Not for the squeemish...
Lee E. | Arkansas | 06/11/2006
(4 out of 5 stars)
"I was unprepared for the level of violence in the film, and was *this close* to turning it off, but opted not to. I'm glad I didn't. STGP is about a deranged young man (Ha Kyun Shin) who is convinced that aliens from Andromeda are trying to destroy the world. His chubby girlfriend as his accomplice, he kidnaps the head of a business who he believes is the only one who can communicate with the Head Prince of Andromeda.
I wasn't sure what to expect from Save the Green Planet, but one thing I was unprepared for was the amount of violence. I'm not much into violent movies (I shut off Ichi after the first ten minutes) but I stuck with it because I love Ha Kyun Shin. In the end, it turns out the violence is for a purpose, it is not meaningless, and it makes you think twice.
Another thing I liked about this movie was the relationship between the deranged young man and his girlfriend. The girl was not your typical asian beauty that you would expect. She's chubby, homely and insecure, and the perfect match for Ha Kyun. Ha Kyun's character genuinely loves her, but does not realize how much until she is gone.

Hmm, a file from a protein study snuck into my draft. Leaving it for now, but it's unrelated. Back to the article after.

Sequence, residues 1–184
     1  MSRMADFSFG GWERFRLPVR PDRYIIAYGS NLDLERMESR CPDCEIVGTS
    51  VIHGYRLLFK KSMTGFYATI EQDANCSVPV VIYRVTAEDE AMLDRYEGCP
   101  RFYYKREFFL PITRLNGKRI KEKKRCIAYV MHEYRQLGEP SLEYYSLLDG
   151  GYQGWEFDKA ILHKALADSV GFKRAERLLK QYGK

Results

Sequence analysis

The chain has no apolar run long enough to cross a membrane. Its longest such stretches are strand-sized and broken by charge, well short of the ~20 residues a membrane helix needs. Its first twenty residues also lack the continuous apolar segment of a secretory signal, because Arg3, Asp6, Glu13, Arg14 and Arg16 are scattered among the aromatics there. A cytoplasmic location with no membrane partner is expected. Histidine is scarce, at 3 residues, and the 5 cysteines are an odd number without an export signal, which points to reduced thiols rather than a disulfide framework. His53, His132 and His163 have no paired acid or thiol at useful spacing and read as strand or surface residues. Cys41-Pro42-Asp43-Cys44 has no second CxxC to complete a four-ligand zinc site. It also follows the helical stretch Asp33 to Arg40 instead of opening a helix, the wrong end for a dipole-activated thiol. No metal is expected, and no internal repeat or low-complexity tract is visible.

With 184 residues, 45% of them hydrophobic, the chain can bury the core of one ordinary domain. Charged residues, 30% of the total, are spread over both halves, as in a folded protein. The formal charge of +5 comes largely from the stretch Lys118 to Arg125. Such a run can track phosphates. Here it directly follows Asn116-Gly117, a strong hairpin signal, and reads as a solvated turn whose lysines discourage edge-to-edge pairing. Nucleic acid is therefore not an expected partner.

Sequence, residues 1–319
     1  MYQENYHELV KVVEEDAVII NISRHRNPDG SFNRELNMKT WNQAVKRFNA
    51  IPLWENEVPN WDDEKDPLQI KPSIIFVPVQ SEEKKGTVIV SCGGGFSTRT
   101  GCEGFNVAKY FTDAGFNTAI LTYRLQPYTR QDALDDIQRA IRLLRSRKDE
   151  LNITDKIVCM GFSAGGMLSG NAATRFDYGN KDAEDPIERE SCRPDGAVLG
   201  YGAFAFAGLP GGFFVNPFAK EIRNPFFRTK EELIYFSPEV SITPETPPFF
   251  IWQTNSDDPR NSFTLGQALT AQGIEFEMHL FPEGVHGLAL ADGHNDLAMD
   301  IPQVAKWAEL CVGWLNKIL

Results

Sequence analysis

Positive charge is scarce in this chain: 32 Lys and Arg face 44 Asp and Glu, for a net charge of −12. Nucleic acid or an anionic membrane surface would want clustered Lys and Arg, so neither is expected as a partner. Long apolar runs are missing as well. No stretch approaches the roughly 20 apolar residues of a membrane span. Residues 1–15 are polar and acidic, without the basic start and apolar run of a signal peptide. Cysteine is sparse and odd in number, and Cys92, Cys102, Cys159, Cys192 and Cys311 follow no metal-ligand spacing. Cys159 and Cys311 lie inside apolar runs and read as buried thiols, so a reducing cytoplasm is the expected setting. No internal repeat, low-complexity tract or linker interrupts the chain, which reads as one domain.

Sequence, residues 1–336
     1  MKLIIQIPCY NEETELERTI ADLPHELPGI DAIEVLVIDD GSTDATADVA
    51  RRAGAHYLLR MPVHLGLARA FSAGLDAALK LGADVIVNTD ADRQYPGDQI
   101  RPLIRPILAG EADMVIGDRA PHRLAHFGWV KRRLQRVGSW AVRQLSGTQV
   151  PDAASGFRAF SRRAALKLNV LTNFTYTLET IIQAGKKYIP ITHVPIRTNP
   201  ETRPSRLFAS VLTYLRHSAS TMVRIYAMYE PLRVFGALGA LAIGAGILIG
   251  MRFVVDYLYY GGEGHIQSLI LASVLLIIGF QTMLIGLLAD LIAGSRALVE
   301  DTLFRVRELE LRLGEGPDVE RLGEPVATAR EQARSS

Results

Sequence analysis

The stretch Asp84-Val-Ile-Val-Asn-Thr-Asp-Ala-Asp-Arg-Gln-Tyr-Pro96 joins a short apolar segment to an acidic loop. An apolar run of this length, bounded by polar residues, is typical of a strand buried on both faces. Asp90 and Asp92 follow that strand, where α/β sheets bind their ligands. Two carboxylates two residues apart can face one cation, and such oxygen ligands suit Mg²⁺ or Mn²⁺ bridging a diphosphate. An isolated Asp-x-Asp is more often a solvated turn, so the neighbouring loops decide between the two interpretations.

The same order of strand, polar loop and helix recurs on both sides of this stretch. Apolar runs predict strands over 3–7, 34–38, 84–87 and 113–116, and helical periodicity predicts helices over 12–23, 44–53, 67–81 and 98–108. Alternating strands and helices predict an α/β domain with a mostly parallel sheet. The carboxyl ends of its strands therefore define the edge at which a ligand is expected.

There is a message in this movie, that is very clear at the end. And if you stick with the film through the ending credits you will see clips with the main characters that will break anyone's heart."
A fascinating look into another culture's weirdnesses, and o
K. Swanson | Austin, TX United States | 02/19/2008
(4 out of 5 stars)
A truly unique and mind-warping film. This is kind of like Plan Nine From Outer Space if it had actually worked on every level!
I had no idea there would be moments of intense violence here, but must say that they don't detract much and in fact occasionally add to the overall psychotic weirdness of the script.